Normally at this time I would succinctly state that a fresh post is up at I Are Writer! for you to peruse and enjoy. However, it would be a redundancy (much like the guv'ment) to direct you towards there, since today's post is not-quite-the-carbon-copy of that post, but it comes pretty damn close (topic, but not content).
A few weekends ago my brother, after much delicate pushing and prodding by a few residents of this household, came down to the house to start the very long and labor intensive process of reorganizing/purging of the vast amounts of schtuff he had stored here for the past several years. Most of which either came from his house, my father's two offices and my grandfather's house.
Speaking of grandfather's house, we (collectively the family) pulled out hundreds of westerns dating from the 50's thru the 80's/90's. The end result for these are to see what's what and sell them.
Anywho, during the course of the cleanup, which as a guv'ment employee I supervised (j/k) we got to discussing the amount of books that dad had. I didn't realize just how many he had until my brother thoughtfully pointed to the one dozen tubs that he had pulled out to re-store.
As you can imagine, the first reaction/words out of my mouth were not "Seriously?" but "Holy sh!t"
My second reaction was to open up one of the tubs and pull out a very old book that was in a Ziploc storage bag. The book itself looked to be in remarkably good condition, with only a little wear to the cover. I brought it inside and took it out of the baggie. I opened the over just enough to see what the publication date was and perhaps one or two pages. Sufficed to say, I was very impressed with the condition of this book.
I went back outside and told my brother I think I can find a home for this book as I know of a historical society that specializes in this content. The book was The Official Complete Guide to The Lincoln Highway 5th edition (c) 1924. A few days later, once I had the time to research this bad boy, I found that the historical society who thought would be interested, didn't cover the Lincoln Highway but covered US 40.
So back to searching I did go. A few minutes later, I found the website to The Lincoln Highway Association. I proceeded to spend next half hour or so tooling around the website, checking the links, checking a semi-defunct blog and checking a Facebook group run by the owner of the defunct blog. I started my inquiries with the FB group, but all I got out of the admin was an acknowledgment that he accepted my private message.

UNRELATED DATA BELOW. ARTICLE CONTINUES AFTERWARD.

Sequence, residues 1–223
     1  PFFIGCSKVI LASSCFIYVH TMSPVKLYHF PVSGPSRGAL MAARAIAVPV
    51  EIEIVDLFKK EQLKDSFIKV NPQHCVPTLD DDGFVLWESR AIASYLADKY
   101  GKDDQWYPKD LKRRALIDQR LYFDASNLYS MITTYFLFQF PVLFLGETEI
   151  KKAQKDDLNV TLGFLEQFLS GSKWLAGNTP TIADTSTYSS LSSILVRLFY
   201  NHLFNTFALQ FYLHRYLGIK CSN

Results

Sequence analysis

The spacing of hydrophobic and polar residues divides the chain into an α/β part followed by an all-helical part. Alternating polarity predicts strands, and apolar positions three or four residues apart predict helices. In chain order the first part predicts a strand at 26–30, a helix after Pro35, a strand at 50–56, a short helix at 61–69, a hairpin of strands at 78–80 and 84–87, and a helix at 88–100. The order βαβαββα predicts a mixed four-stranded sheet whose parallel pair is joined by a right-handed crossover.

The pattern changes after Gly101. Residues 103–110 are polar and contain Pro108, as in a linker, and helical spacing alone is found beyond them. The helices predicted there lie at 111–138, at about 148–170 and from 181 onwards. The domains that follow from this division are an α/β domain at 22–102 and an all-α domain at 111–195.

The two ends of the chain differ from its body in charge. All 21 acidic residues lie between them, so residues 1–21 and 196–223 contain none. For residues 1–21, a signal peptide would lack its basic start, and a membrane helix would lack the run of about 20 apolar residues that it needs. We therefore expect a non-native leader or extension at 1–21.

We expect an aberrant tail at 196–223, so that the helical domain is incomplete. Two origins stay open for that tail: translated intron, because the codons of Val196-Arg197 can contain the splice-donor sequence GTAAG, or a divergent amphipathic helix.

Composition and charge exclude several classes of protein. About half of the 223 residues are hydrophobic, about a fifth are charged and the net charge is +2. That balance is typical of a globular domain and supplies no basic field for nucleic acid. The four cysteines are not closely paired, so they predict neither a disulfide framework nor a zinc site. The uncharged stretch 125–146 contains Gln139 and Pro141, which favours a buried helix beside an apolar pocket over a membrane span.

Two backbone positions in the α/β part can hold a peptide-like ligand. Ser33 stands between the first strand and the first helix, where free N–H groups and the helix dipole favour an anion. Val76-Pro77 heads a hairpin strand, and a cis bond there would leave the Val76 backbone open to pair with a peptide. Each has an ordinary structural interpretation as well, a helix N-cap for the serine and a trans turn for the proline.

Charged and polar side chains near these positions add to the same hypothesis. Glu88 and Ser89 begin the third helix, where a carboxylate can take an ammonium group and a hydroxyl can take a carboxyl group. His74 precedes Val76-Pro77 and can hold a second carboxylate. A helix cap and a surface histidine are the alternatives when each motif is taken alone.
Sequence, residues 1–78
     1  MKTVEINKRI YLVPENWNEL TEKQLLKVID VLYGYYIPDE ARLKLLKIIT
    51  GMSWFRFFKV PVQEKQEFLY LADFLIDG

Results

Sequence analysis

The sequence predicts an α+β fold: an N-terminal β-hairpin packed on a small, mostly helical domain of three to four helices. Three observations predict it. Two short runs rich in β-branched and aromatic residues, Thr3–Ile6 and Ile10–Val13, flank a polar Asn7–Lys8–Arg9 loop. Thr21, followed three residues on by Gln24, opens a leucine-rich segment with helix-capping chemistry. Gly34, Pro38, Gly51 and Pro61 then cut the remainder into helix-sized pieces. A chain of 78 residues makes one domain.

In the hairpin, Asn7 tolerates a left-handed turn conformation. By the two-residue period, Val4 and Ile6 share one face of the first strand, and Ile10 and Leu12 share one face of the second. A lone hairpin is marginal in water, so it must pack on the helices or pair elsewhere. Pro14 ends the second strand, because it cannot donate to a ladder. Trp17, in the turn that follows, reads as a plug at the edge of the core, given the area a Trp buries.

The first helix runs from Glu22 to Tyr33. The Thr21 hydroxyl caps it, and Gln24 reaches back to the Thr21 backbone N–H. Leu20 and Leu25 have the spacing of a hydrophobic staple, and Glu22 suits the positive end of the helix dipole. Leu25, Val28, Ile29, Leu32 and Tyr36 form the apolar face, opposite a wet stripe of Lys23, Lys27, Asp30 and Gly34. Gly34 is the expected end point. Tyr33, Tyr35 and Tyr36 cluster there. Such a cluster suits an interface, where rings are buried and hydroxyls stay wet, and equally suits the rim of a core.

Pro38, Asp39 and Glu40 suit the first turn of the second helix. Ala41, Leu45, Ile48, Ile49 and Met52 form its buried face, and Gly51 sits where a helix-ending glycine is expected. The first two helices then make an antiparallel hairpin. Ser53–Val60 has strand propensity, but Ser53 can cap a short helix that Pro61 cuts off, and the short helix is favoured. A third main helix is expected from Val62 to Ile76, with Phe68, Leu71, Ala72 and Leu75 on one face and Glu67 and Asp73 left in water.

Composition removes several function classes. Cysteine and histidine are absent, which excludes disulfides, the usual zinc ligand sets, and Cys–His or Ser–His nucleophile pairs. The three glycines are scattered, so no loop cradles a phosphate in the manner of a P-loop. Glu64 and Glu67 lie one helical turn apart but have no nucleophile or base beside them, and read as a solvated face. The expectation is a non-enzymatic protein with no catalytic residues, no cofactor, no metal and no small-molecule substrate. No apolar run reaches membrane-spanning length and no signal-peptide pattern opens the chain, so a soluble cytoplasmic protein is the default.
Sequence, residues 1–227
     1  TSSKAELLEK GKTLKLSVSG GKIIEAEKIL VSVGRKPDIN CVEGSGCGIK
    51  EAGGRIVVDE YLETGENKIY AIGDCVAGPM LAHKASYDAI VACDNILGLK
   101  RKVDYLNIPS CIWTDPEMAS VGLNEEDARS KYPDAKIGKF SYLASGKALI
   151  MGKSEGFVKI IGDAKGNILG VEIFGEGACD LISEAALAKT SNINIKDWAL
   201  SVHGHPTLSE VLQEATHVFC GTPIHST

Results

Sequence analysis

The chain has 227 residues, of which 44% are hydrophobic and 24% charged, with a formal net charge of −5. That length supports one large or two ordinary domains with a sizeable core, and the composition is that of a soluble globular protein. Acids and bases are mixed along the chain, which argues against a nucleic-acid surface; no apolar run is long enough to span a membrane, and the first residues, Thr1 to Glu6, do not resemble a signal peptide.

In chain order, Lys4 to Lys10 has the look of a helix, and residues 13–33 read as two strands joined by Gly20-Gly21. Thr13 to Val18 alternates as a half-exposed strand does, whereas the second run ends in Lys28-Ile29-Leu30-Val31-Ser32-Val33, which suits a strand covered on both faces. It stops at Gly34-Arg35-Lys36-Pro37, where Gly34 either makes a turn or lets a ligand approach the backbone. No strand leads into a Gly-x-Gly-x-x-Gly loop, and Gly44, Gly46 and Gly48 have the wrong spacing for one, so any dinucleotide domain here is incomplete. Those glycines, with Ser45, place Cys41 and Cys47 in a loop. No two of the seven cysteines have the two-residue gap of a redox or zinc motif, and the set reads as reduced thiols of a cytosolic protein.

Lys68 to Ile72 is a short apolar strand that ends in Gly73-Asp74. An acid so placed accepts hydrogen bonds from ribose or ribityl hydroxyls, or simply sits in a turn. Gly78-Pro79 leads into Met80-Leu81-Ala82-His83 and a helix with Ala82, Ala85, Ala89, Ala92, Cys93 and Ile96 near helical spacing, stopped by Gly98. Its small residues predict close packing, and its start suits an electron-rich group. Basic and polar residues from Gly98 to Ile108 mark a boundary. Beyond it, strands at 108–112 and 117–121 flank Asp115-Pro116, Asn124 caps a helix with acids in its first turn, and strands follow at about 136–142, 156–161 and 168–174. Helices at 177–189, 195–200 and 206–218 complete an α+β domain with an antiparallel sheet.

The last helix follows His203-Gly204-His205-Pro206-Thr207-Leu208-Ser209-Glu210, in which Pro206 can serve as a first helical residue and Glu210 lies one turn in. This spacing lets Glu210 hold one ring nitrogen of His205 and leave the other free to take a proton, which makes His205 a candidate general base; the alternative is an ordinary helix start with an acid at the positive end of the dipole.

Note: when I'm looking for help on something I know just about zilch, I will often shoot a polite e-mail to a possible solution/contact and ask if they aren't the right person could they point me in the proper direction.
Suffice to say, I went back to the website and shot off an e-mail to the main contact addy. I got a response the next day, and long story short, they would be very appreciative of my donation. A few days later, I packed up this bad boy in triplicate (Ziploc bag, cushioned 9 x12 envelope, then a priority mail envelope). Including extra insurance ($100), the entire package cost me $10.49 to ship.
Like I stated, this was my good deed for the day. I am somewhat of a weird American history buff (having worked in a library for 8 years), and I wanted to make sure that the book would go to a place that would 1} not stash away from prying eyes and 2} allow people to view it/use it for research purposes. I know if I had donated it up here at my previous employer, it would've more than likely stay locked up in the special collection, never to be seen/used again.
For all intents and purposes, unless I find another book of historical value like this one, this will be my last donation. While I do enjoy making donations, I'm also looking to make a few extra dollars for both myself and my brother.
So we can truthfully say that we have found something mundane to occupy our time between periods of pursuing the craft of writing.
And that, my friends, is a good thing indeed.
(c) 2016 BOOKS BY G.B. MILLER. All Rights Reserved.